The Ninth Circuit recently decided Robles v. Domino’s Pizza, LLC, in which the Ninth Circuit ruled that imposing liability on Domino’s Pizza for its website under the Americans with Disabilities Act’s (ADA) accessibility requirements for public accommodation does not violate the website operator’s Fourteenth Amendment right to due process. The court expressly rejected Domino’s Pizza’s arguments, commonly asserted by defendants in similar ADA website accessibility cases around the country, that the lack of meaningful guidance from the Department of Justice for website accessibility requirements made the requirements impermissibly vague, and made enforcement of the ADA for websites a due process violation.
The Ninth Circuit also clarified that the ADA applies to the services of a public accommodation, however provided, rather than services in a place of public accommodation. Websites, software applications, and other means of providing the services of a public accommodation should expect to be held to the same ADA accessibility obligations. The standard is flexible, but requires that disabled persons have “full and equal enjoyment” of the functions of the website or software application.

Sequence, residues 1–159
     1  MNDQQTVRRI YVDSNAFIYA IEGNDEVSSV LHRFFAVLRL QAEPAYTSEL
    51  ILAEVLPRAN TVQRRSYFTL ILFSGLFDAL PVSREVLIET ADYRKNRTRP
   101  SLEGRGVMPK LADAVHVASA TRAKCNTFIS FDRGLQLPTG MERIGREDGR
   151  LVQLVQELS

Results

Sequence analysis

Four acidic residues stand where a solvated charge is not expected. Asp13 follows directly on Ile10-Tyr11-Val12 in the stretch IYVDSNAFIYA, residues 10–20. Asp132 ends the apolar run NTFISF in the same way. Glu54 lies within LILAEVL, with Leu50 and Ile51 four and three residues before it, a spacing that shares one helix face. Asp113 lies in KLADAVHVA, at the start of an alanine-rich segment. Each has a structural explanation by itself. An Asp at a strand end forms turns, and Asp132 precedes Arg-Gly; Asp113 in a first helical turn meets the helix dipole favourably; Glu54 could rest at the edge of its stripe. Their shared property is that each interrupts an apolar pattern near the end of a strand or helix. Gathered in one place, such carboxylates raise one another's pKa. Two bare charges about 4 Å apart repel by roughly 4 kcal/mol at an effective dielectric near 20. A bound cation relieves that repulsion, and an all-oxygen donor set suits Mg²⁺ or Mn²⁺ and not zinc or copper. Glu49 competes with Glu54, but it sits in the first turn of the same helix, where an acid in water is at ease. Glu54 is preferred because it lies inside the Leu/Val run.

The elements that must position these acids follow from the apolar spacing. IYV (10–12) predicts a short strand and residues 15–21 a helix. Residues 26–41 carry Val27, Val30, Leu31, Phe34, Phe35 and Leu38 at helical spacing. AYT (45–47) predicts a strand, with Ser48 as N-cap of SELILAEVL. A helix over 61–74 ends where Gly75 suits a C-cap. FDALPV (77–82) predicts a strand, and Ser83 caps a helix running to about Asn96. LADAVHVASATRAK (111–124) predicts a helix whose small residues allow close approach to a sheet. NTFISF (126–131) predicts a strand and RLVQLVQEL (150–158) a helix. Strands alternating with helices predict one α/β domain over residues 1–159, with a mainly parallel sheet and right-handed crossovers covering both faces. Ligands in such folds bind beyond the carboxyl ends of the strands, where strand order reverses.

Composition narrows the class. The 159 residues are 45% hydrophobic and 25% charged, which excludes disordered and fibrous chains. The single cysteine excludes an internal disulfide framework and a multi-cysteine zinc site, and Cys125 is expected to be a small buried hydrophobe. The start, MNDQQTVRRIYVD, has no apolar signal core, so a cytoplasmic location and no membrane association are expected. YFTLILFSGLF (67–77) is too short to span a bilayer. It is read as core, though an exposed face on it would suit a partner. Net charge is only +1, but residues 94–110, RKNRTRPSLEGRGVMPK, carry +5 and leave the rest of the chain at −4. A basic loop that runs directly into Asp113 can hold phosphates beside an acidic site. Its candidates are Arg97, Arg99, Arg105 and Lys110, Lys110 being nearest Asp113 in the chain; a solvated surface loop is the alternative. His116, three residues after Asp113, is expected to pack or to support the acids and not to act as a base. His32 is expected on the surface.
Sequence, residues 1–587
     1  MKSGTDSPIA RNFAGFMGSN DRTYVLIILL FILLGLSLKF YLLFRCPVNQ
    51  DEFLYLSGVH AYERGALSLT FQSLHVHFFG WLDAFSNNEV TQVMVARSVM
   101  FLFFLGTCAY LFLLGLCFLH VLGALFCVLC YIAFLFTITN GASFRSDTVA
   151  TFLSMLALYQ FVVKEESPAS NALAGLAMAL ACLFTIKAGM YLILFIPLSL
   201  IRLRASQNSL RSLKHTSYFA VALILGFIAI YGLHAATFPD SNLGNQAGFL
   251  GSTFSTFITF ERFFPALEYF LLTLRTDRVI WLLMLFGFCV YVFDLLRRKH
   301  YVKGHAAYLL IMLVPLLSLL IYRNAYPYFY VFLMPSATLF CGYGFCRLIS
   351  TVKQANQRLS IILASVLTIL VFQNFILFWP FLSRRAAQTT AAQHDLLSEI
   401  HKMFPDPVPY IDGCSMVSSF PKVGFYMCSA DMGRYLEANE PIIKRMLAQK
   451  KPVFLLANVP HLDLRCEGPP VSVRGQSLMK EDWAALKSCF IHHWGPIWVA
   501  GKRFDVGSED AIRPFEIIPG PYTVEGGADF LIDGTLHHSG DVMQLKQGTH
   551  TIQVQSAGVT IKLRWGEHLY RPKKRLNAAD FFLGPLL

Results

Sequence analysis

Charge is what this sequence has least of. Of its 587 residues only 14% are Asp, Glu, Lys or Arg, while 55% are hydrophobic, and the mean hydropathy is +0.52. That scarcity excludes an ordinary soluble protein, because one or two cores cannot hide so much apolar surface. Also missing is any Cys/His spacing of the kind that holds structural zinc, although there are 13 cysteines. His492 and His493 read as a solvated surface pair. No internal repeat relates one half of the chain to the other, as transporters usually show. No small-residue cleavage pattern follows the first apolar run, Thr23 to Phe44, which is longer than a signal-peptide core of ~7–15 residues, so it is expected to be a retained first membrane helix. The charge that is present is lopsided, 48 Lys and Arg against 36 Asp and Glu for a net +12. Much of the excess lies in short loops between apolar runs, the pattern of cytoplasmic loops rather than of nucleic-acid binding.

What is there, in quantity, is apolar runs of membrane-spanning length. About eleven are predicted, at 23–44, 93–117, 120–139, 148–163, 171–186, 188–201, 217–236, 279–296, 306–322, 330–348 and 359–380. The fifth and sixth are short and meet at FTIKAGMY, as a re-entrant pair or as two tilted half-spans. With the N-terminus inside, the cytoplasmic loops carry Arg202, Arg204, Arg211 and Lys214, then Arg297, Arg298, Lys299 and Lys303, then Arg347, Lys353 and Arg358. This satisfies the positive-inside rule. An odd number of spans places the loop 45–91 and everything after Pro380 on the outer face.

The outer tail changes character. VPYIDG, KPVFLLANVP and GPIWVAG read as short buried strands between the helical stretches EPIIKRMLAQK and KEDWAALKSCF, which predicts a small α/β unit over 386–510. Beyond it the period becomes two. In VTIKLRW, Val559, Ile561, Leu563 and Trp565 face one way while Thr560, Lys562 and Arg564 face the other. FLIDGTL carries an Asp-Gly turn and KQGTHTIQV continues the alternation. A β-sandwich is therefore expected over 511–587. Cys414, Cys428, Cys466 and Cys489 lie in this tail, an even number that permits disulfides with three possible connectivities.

Jared Gordon is an attorney in the Business Practice Group of McCormick Barstow, LLP. Prior to private practice, he served as General Counsel to several online industry companies. He primarily advises clients on ecommerce services, online advertising, software licensing, and other vendor contracts. He also advises clients in intellectual property clearance and registration, website accessibility, online sales taxes, social media law, employment matters, acquisitions and sales, real estate, and advice on related litigation. He is the co-Chair of the CLA’s Internet and Privacy Law Committee.